I’ve already made a start, so I’ll chuck in some photos and words to get you up to speed with where I’m at! Hopefully you'll still be reading this topic at the other side of the build!


Cletus :)
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Untitled-1.jpg
A loose concept sketch
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Re: The Cletus Modular 4” Bubbler Build

Postby Cletus_Spuckler » Thu Feb 22, 2018 4:25 am

I'm going to document the steps I've gone/going to go through in my build. This is so that I can get feedback on better ways of doing things and maybe help other people as well. What I am doing is my interpretation of the techniques and designs learned from this site.

Though I'd start with my easy flanges!

Flange Jig

My flanges are hammered out in a jig, thickened with a ring of flattened ¼” tube (can’t get solid grounding wire here), brazed together, then ground down to the correct size and shape.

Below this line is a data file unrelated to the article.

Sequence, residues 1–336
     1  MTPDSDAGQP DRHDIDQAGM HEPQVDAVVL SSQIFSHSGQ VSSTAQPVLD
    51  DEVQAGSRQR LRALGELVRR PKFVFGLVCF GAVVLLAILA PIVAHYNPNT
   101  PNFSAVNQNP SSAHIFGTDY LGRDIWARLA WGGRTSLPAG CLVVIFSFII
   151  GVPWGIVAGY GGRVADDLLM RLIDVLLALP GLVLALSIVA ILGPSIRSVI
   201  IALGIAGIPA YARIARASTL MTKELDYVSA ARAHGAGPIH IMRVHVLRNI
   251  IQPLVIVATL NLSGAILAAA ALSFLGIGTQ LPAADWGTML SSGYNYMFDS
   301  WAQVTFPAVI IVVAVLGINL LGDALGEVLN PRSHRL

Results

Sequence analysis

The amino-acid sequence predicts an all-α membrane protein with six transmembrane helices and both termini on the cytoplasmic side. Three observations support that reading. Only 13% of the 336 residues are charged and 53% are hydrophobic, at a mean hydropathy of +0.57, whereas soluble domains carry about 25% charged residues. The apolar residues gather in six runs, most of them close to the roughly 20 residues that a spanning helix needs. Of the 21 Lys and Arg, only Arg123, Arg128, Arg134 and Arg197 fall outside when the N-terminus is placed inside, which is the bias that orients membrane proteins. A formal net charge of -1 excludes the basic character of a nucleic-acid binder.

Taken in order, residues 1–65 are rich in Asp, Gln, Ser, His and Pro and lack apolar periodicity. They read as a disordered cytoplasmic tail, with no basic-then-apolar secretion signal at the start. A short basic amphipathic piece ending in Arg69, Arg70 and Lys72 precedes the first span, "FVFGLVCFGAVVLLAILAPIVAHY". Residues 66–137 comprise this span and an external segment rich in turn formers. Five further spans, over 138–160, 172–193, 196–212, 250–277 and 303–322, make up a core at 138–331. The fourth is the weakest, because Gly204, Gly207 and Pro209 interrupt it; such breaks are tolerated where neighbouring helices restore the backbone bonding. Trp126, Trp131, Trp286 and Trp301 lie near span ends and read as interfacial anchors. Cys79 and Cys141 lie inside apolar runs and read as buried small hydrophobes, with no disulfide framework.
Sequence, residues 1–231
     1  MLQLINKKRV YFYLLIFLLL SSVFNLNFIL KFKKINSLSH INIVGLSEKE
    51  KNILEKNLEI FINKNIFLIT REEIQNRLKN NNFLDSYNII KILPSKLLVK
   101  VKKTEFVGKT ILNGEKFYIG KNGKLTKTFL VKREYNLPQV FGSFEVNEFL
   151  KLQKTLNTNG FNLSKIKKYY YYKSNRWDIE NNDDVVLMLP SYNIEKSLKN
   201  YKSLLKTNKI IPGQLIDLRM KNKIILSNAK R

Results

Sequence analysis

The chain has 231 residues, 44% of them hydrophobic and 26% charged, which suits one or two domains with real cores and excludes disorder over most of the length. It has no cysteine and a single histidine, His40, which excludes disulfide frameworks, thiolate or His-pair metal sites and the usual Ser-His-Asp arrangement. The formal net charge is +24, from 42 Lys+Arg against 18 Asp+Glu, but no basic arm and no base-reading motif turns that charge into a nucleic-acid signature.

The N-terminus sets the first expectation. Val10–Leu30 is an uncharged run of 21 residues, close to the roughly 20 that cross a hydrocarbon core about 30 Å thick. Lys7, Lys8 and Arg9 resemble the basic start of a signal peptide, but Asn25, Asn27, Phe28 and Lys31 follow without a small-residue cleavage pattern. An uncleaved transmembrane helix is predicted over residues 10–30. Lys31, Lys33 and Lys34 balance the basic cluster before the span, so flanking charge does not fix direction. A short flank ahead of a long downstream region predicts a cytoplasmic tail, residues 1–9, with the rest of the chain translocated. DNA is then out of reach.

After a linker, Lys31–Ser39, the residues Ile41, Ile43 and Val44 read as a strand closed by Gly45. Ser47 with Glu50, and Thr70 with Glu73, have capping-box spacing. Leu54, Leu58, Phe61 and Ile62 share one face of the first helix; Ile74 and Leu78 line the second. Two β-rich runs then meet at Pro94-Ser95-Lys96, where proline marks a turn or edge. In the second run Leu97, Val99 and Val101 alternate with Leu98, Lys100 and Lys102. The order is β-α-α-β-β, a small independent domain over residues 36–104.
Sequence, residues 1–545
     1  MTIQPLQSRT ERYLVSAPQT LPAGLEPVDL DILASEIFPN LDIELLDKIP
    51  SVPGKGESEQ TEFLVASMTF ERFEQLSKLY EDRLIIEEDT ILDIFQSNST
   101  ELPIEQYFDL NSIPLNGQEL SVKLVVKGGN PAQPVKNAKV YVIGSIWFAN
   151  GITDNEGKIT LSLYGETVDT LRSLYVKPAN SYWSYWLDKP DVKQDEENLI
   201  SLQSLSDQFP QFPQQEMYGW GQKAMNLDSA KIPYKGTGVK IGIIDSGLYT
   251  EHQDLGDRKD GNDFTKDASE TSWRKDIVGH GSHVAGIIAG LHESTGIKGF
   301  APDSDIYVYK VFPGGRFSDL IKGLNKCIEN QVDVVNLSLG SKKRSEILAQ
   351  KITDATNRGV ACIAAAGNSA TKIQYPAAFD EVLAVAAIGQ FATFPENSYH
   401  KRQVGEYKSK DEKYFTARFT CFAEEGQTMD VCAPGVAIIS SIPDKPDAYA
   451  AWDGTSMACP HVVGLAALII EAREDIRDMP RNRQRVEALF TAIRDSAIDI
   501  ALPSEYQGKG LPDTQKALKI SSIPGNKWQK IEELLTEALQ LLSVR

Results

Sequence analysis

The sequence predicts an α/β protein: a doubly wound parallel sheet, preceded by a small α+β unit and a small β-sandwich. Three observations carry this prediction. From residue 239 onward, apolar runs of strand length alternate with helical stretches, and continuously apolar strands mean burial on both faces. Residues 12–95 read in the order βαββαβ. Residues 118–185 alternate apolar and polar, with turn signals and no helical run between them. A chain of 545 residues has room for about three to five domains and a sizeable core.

I decided to build a jig to make easy flange construction, well, easier – and more consistent. I took the idea from another member (YHD) who made his much nicer one entirely out of plastic chopping boards viewtopic.php?f=17&t=57708.

My jig:

• The total length of the jig is about 157mm. Calculated as: 145mm (final finished section length) + 12.5mm (enough extra for the second flange).
• There is a removable 12.5mm spacer within the jig, which I remove after flaring the first flange.

001.jpg


• I cut a 170mm section of 4” tube for each section, which allows it to protrude 12.5mm beyond the flange face plate.
• Everything is measured and square

002.jpg

002a.jpg

002b.jpg


• I reused the centre pieces of wood left over from cutting the holes, to try and help prevent the insides of the tube getting bashed in. It helped a little, but not much. (I found a better approach is to just not anneal the tube. They tube keeps shape better that way).